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Another’s Treasure

Illustration: Gaby FeBland

A vintage Wells Fargo padlock that runs anywhere from $50 to $500. A pristine, late-19th-century glass bottle produced by a local company worth a grand. A 1930 baseball signed by 26 baseball players, including six future Hall of Famers—Jimmie Foxx, Lou Gehrig, Lefty Grove, Connie Mack, Babe Ruth, and Al Simmons—valued at $20,000.

These were just some of the items brought in by library patrons during antiques appraisals held at Wilkes County (N.C.) Public Library (WCPL). “You wonder how some of these things end up in this small town in North Carolina,” says Nicole de Bruijn, WCPL’s technical services manager.

At antiques appraisals, appraisers examine rare and collectible items and determine their historical and monetary value. When held at the library, these events are an opportunity for patrons to engage with their community and get a history lesson.

With many people spending the COVID-19 pandemic lockdowns tidying their homes and purging old belongings tucked away in dark storage spaces or attics, antiques appraisals also give patrons a platform to showcase long-lost gems.

The Wilkes Friends of the Library (WFL) has hosted WCPL’s annual antique appraisals since 2006, an event that has regularly sold out. A set number of patrons purchase a ticket to have their item appraised, but others can attend to watch for free. After the pandemic halted library programming in 2020, WFL didn’t resume in-person events until an antiques appraisal in August 2022. WFL welcomed back a “full house,” says Suzanne Moore, WCPL county librarian.

“It was an anticipated event,” de Bruijn says. “It marked our return to normalcy post-COVID.”

Uncovering stories

Hinsdale (Ill.) Public Library (HPL) hosted its first antiques appraisals event in May 2022. Lizzy Boden, HPL’s adult services manager, says that it’s noticeable that residents have been “going through their stuff” following the pandemic: “People have been more interested in going into boxes that were maybe left to them by their parents.”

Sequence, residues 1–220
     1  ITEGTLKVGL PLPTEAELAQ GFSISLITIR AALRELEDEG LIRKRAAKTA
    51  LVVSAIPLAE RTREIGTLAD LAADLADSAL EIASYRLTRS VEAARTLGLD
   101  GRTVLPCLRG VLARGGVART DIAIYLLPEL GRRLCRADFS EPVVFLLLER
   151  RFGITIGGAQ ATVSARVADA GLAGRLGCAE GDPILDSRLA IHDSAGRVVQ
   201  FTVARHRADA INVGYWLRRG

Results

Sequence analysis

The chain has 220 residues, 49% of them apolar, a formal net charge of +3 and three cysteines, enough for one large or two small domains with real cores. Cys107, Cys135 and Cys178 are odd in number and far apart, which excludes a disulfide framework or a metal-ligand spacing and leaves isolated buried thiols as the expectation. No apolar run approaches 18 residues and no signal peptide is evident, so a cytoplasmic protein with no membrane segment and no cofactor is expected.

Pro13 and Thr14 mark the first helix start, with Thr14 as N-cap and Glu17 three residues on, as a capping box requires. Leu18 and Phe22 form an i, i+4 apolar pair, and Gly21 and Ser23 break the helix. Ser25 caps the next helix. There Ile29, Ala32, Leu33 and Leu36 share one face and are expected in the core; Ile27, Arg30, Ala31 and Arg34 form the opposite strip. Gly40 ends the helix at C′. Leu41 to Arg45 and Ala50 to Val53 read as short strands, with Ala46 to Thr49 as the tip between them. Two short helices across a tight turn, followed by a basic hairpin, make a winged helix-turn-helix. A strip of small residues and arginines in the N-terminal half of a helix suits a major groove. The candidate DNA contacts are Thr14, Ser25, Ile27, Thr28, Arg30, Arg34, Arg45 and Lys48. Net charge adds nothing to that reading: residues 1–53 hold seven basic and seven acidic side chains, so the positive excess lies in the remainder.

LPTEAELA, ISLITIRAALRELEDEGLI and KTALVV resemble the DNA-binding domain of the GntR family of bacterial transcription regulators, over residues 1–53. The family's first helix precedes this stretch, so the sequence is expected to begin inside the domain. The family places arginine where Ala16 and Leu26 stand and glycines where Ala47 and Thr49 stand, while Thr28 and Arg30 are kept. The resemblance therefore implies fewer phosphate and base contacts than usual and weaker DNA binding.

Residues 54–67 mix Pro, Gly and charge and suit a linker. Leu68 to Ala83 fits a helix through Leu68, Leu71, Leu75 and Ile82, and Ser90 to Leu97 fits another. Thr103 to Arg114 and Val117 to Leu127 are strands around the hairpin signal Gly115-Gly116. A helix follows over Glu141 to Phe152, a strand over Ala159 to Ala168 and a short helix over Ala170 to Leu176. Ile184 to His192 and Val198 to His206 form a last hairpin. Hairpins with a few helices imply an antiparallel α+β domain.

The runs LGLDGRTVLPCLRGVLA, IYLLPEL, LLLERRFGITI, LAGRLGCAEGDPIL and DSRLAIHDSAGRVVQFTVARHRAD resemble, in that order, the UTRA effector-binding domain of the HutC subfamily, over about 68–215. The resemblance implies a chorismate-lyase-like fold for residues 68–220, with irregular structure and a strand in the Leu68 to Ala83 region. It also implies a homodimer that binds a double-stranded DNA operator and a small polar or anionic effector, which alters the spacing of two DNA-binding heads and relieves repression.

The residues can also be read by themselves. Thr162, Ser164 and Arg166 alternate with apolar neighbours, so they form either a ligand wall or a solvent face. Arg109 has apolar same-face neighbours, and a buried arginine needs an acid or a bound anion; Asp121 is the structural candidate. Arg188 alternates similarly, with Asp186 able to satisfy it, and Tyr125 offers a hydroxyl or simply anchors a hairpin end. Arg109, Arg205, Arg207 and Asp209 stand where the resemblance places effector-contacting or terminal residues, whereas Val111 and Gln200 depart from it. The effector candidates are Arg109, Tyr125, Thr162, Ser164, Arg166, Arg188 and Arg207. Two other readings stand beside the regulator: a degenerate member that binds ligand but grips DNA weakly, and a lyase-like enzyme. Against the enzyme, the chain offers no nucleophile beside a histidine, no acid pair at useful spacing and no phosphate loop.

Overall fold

Patrons often uncover stories from their and their families’ past based on what the appraiser can tell them about their item, Boden says. For example, one patron brought two silver candelabras. Rex Newell, an Indiana-based appraiser, shared with the crowd that they were made in Paris in 1880.

“There was a lot of family history in that room,” Boden adds.

Appraisers can also share insight into how they appraise or what they know about each item, making the events educational.

Boden says the event may return to HPL once a year since the community has been “clamoring for more.”

There’s a lot of interest lately of people exploring their own homes and going through their stuff.

Virtual valuations

Appraisals can also work virtually with patrons who showcase their items over Zoom or another video platform.

Dover (N.H.) Public Library (DPL) hosted a virtual antiques appraisal in March 2021. Susan Dunker, DPL’s adult services librarian, says that as the library explored virtual programming at the beginning of the pandemic, she connected with Pennsylvania-based appraiser Mike Ivankovich, who offered his services at a small discount. By hosting the event virtually, DPL avoided paying travel costs.

“We’re trying to broaden our horizons a little bit more post-COVID and try things that we otherwise wouldn’t have tried,” Dunker says. “I honestly didn’t think it would work virtually, but it did.”

However, Dunker notes the virtual format occasionally made it difficult for the appraiser to see every fine detail on certain items. Her advice to libraries interested in hosting virtual appraisals is to ask participants to prepare a backup item, which can keep the event moving along.

Dunker also suggests that patrons avoid bringing stamps and coins and instead opt for larger items that the appraiser can see clearly on a computer screen.

A sense of community

To find an appraiser, Boden recommends contacting local antique shops or asking colleagues, which is how she came into contact with Newell. “There is a strong network of librarians who share information on presenters,” she says. De Bruijn also recommends library staff use a multimedia projector and a video camera (or a phone camera, in a pinch) for in-person appraisal events, so even a packed room can see items as they’re being appraised.

Whether the items—or their monetary values—are big or small, antique appraisals events bring the community together through a shared interest, de Bruijn says.

And at WCPL, who will bring what next is often buzzed about. “There’s a sense of community around the stories and what [patrons] learn,” de Bruijn says, “but also, what’s gonna happen this year? That keeps [patrons] coming back.”

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